The only possible reason is the wind... Evaporation is negligible because the temperature of the water is not high enough (far from boiling point).

I have a question (just for fun): You have just prepared a cup of coffee and you like it with a lot of cream, but you want to begin to drink your coffee in 7 minutes. In order to keep it warmer, is it preferable to add the cream right now or to wait and add it only before you drink your coffee? CPT ArkAngel, Wed, 15th Sep 2010

Heat up the cream in the microwave (much faster since it is a small volume you can do that fast), then pour it in right away.  Not recommended for powdered creamer.   Even if the cream is not heated, add it right away . See item 14 for an explanation. mcgregor94086, Wed, 15th Sep 2010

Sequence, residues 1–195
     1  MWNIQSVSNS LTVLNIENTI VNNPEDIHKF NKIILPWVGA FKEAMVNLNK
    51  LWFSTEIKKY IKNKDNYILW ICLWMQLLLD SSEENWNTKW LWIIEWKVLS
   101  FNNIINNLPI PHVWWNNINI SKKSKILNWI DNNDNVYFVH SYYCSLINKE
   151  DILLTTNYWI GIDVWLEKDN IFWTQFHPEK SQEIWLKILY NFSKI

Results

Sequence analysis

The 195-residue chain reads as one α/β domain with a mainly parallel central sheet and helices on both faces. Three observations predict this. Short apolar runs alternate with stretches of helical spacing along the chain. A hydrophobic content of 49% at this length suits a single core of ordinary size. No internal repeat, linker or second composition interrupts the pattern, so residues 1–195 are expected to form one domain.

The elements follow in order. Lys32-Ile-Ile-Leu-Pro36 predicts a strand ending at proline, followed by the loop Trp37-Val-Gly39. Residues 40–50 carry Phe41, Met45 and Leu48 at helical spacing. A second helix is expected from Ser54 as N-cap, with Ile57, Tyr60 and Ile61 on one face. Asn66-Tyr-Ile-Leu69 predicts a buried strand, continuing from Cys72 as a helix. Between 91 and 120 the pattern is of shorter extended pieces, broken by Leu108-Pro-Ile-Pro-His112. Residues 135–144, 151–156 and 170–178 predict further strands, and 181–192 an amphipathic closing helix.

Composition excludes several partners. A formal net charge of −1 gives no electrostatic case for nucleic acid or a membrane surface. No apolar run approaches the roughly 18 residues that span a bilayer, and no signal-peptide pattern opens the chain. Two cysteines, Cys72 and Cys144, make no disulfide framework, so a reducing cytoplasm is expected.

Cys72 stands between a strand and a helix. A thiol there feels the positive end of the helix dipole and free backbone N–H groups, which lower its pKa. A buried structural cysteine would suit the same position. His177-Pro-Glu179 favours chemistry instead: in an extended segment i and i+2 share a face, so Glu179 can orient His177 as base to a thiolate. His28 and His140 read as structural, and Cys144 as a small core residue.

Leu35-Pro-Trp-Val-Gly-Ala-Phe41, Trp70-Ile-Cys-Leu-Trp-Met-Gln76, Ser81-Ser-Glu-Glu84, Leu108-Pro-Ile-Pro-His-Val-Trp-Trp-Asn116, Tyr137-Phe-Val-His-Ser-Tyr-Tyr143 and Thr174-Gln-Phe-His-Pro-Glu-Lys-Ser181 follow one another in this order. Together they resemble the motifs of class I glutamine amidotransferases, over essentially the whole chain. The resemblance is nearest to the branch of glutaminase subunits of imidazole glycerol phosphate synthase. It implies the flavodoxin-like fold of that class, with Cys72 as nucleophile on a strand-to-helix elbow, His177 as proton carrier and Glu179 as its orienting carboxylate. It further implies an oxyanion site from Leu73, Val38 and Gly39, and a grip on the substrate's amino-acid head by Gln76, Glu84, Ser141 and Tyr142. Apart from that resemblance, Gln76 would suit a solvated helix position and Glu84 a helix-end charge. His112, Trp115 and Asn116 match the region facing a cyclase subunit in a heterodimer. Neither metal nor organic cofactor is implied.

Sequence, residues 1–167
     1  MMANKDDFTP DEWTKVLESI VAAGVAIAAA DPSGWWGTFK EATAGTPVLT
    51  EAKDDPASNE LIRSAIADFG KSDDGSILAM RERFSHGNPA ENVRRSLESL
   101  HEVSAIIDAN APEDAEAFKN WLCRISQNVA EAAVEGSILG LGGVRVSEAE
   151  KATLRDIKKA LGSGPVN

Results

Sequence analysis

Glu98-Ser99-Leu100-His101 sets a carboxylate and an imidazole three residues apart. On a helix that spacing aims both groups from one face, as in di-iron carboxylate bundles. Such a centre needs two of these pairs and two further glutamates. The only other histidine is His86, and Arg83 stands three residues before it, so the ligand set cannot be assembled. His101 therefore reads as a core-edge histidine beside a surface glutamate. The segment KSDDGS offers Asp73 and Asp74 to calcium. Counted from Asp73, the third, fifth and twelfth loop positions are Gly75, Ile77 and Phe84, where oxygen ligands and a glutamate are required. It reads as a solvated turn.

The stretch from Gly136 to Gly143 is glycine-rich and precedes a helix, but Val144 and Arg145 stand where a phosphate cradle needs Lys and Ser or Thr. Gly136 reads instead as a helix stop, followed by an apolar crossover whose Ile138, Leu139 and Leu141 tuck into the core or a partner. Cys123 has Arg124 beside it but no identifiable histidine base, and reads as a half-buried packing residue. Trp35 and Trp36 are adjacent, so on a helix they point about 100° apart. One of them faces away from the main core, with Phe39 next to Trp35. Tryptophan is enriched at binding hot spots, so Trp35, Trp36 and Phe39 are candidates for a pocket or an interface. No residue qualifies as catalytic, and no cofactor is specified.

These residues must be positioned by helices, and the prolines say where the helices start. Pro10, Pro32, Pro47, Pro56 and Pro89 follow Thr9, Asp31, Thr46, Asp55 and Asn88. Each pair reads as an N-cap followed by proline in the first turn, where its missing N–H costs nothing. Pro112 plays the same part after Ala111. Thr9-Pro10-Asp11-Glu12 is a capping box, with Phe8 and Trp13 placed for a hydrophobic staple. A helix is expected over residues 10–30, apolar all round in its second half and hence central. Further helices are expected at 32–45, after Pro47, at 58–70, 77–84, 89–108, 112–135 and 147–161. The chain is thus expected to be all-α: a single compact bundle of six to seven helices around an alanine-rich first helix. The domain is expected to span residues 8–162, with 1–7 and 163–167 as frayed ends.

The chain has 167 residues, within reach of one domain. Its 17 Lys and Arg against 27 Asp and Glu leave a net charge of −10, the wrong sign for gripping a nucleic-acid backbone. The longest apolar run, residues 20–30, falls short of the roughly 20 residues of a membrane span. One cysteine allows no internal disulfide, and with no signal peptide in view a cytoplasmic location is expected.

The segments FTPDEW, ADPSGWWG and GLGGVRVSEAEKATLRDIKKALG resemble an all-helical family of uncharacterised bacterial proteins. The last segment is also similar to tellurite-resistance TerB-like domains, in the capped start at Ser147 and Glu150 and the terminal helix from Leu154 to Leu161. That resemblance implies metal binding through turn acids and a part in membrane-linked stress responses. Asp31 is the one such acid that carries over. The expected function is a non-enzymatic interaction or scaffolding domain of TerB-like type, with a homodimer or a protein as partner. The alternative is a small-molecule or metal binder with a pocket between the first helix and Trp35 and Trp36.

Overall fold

I suspect the humidity of the air in the two locations could also be a factor. I would not assume they would be the same in both cases. Geezer, Wed, 15th Sep 2010

I should precise that you don't heat the cream... Yes, your right, because the cooling rate is proportional to the difference in temperature between the cooling object and its surrounding (temperature gradient). There is other factors like insulation, but in this case, we can assume that the insulation is fixed. CPT ArkAngel, Thu, 16th Sep 2010

  In answer to your question, Right now.  Anything cools rapidly at first and it is better to get the cooling effect immediately as it cools more slowly later.  Thanks for comments.  Joe L. Ogan Joe L. Ogan, Mon, 20th Sep 2010

Take a look here for the cooling effect of wind.
I definitely expect it to be the wind doing it. It steals the heat from any body, and steam might be cooled even quicker?
yor_on, Sat, 25th Sep 2010